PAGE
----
Thursday, June 16, 2011

The virginity test dispelled

Female virginity and the ability to prove an unmarried woman is a virgin are still vital to a family’s  ‘honour’ in many countries, but the members of the Myth Dispelled campaign group in the Netherlands say it’s actually impossible to prove by medical means whether a woman is still a virgin. They also say that virginity testing - highlighted by recent controversial cases in Egypt and India - is a powerful tool when it comes to oppressing women and actually violates their human rights. 
The whole issue of virginity made headlines recently with the humiliating testing of a number of alleged rape victims in India and 17 Egyptian women who took part in the Tahrir Square protests in Cairo. In the latter case, the aim of the tests appears to have been to ‘protect’ members of the Egyptian army against possible rape accusations.

Writing in a Dutch newspaper, Ineke van Seumeren – a gynaecologist at the UMC teaching hospital in Utrecht - and fellow Myth Dispelled (Mythe Ontkracht) member and chairperson Ines Balkema argue that virginity testing is pointless:  
“In many countries it’s still not known that female virginity cannot be medically proven. Even in the modern Netherlands many people are convinced that you can see or feel whether or not a woman is a virgin. The medical facts are different.”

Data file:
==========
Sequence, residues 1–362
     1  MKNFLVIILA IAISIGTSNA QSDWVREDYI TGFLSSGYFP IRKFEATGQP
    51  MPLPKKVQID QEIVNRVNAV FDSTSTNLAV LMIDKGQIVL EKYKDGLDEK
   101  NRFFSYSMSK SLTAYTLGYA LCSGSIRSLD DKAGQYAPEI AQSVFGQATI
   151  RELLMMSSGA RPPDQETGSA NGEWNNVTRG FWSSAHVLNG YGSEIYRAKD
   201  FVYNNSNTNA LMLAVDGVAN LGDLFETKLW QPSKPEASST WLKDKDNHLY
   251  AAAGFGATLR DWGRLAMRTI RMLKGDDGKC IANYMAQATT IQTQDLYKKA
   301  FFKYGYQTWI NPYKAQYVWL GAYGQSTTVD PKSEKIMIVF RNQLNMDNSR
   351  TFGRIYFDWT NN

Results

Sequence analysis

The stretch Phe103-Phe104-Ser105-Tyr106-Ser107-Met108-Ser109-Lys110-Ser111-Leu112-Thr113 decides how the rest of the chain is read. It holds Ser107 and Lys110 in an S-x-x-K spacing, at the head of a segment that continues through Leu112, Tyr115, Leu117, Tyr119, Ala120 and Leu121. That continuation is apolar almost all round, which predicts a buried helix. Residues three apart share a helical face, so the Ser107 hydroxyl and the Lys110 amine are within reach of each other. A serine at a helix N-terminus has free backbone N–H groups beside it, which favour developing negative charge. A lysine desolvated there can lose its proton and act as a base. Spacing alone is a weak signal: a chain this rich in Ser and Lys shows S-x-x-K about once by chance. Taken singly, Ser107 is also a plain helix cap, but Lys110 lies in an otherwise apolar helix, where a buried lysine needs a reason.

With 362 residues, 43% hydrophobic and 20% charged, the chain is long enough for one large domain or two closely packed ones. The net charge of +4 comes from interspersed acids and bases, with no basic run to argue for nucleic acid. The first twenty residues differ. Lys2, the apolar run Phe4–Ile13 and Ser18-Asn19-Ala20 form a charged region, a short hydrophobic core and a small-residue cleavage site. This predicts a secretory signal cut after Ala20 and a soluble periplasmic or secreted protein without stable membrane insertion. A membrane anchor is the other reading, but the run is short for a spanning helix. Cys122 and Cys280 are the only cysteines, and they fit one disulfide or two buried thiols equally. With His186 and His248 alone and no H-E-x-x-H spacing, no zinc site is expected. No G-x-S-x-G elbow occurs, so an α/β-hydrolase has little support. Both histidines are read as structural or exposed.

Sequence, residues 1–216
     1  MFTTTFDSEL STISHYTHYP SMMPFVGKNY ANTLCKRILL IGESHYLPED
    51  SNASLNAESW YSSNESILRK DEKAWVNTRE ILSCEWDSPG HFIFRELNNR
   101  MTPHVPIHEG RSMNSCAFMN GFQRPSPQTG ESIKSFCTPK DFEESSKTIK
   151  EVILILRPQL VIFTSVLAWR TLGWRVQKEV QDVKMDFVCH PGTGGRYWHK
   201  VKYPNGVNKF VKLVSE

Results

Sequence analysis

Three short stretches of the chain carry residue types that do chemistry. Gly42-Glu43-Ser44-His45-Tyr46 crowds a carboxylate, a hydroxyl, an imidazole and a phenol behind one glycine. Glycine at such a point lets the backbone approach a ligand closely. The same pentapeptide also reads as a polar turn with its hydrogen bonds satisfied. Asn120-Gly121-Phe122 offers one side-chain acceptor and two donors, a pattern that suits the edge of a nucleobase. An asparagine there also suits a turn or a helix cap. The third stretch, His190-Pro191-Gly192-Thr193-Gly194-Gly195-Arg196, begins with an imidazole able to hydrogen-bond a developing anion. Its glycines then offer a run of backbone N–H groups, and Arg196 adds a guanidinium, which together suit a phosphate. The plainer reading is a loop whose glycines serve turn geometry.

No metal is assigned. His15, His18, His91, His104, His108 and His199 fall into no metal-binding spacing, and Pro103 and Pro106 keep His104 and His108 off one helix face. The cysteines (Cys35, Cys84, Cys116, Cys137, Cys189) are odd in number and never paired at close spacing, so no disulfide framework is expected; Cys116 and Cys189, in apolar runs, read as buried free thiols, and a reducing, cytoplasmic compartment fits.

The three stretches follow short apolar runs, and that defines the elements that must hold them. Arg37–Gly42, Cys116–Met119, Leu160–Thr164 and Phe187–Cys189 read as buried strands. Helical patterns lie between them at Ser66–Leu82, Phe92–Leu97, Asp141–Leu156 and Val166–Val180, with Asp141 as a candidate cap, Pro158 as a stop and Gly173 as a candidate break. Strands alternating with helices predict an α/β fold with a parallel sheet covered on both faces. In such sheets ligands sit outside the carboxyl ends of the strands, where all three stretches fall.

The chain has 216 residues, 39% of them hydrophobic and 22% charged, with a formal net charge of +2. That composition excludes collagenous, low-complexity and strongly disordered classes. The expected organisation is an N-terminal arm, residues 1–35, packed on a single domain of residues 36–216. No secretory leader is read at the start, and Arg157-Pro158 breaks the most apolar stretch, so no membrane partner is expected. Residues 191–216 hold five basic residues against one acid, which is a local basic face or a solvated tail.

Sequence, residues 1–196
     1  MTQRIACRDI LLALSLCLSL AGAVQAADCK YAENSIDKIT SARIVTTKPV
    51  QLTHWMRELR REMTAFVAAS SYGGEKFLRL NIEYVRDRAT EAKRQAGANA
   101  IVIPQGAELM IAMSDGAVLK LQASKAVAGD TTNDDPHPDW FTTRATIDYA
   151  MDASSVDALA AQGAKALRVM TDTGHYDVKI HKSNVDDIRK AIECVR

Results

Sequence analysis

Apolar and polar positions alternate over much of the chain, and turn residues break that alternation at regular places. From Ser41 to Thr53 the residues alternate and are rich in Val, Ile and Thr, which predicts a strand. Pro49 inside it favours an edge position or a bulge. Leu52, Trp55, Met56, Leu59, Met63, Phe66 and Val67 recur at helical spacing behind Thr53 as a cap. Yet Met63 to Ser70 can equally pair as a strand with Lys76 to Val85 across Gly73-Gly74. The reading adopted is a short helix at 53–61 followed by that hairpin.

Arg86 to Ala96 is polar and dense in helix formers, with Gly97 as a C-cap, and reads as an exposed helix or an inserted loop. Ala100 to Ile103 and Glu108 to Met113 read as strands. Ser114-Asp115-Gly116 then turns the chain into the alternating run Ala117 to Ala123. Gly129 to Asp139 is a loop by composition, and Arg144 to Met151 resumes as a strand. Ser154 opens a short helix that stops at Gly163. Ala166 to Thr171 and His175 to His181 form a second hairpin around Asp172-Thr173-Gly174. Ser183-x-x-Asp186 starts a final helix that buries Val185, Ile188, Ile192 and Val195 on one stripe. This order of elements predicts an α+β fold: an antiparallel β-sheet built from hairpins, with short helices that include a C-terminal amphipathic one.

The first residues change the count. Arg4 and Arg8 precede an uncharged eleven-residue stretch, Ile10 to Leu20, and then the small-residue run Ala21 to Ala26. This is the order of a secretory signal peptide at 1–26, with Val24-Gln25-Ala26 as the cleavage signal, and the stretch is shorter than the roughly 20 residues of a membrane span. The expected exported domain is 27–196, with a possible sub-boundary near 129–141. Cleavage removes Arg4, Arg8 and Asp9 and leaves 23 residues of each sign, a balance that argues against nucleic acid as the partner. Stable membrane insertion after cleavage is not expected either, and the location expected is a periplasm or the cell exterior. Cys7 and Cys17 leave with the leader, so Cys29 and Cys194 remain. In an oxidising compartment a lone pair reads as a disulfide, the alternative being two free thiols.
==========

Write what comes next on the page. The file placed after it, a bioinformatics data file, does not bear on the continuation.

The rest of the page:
The way such tests are carried out is often extremely primitive – one of the most common being the method of inserting two fingers into the vagina. Two fingers are said to be equal to the width of a penis. If the fingers enter ‘easily’, then the woman in question is assumed to have had sex before.
 
The Myth Dispelled foundation explains that the flexibility or tightness of a vagina and the condition of the hymen – the membrane that ‘closes’ the entrance to the cervix – say and prove nothing about the sexual activity, or lack thereof, of a woman.
 
In the opinion piece, the two women write: “The hymen is not a sealed membrane. In most cases it is a small, flexible lip; sometimes it’s hard and inflexible […].  It varies from woman to woman […]. A vagina is made to allow a baby to pass through; it’s an illusion to think that a vagina will expand because of something small like a penis.”
 
They argue that virginity testing is, in fact, a powerful tool when it comes to the continued oppression of women and they cite what happened in Cairo: “When the female protestors in Egypt underwent the virginity test, completely undressed, military personnel were there taking photographs. The result of practices like this is that women will think twice about demonstrating or filing a rape charge. This is a serious violation of women’s human rights…”
 
On a more positive note, the authors write that the recent cases have sparked debate about abolishing these mediaeval tests in both India and Egypt, adding that it’s now important to keep an eye on whether this actually happens and to keep on stressing that virginity isn’t something that can be proven or disproven by medical means.

Day Opening - June 17

bad, bad boy..))